Mr Edward Appiah-Brafoh, Principal Human Resource and Administrative Officer of Ghana National Petroleum Corporation (GNPC), on Wednesday said the Corporation would establish a fabrication yard in partnership with the private sector in 2013.
He said this would not only provide job opportunities for the youth, but serve as an avenue for training, skills development and provide procurement services to oil and gas companies in the country.
In addtion, it would provide Ghana with additional revenue and save oil companies from the stress of importation of operation equipments.
Mr Appiah-Brafoh announced this when addressing a forum at the on-going 63rd Annual New Year School and Conference organised by the Institute of Continuing and Distance Education of University of Ghana in Accra on the theme: “One Year of Oil and Gas Production: Emerging Issues”.
He said Ghana was in the process of becoming one of the leading oil and gas producers with the discovery of 14 new oil resources in various areas apart from the Jubilee field production and needed to explore all the opportunities available to harness the benefits for national development.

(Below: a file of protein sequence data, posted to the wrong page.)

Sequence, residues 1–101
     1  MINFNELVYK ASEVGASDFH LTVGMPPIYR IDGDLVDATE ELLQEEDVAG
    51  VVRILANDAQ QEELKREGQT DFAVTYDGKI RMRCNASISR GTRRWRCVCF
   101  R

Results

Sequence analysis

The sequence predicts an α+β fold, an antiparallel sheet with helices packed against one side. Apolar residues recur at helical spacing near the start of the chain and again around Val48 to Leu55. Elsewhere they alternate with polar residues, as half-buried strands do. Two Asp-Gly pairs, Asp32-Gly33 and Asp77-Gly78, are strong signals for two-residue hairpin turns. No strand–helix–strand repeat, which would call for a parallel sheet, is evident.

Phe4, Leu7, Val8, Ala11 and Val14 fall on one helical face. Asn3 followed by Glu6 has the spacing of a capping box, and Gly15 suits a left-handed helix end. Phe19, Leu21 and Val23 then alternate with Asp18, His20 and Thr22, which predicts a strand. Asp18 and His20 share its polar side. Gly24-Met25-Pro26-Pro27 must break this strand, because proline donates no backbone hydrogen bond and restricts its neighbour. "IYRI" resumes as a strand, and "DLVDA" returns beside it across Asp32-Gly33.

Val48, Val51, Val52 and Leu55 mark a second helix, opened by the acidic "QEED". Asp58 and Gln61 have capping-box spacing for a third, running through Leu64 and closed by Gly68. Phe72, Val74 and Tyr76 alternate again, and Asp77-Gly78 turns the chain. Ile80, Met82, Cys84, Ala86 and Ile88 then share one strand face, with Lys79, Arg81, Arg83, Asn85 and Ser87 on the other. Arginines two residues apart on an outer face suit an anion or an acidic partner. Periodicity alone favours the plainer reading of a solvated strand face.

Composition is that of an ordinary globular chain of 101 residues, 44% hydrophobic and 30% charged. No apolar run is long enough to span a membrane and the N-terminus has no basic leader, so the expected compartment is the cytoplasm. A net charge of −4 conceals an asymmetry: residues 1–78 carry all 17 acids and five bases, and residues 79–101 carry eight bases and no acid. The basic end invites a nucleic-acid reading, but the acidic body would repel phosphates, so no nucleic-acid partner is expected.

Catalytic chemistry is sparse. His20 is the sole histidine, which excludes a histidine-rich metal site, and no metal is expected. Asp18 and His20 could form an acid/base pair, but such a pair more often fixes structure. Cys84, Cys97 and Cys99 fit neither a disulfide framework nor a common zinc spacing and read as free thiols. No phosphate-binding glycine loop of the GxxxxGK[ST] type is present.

Mr Appiah-Brafoh expressed concern about the low equity participation of local companies in the oil and gas Industry in Ghana.
He said while the country seemed to be doing well in several new oil discoveries, its local companies seemed to be left in the dark with numerous challenges such as lack of bulk financial capital and human resource capacity to meet the high demands of management and operation.
Mr Appiah-Brafoh was optimistic that the passage of Ghana’s Local Content Policy would help address such challenges, and therefore called for support in capacity building and skills development as the way forward to equip Ghanaian industries to fully and effectively participate in the oil sector.
He said conscious plans and strategies for the future must include at least five per cent equity participation by Ghana’s private sector, while preference must be given to local companies who would want to venture into the oil and gas business.
Mr Appiah-Brafoh expressed concern about the financial limitation as a result of the high cost of accessing credit, inadequate technology in respect to upstream petroleum activities preventing effective local participation in upstream petroleum sector in Ghana.
He advised the youth not to be too optimistic about direct job opportunities in the oil and gas industry, but explore the numerous opportunities that existed in other soft areas of the sector such as the hospitality, artisanal, educational, catering and entertainment sectors for their development.
Mr Appiah-Brafoh said government must use some of the oil revenue to develop its domestic sector and other areas such as health, education and infrastructure to ensure that all sectors were fully protected.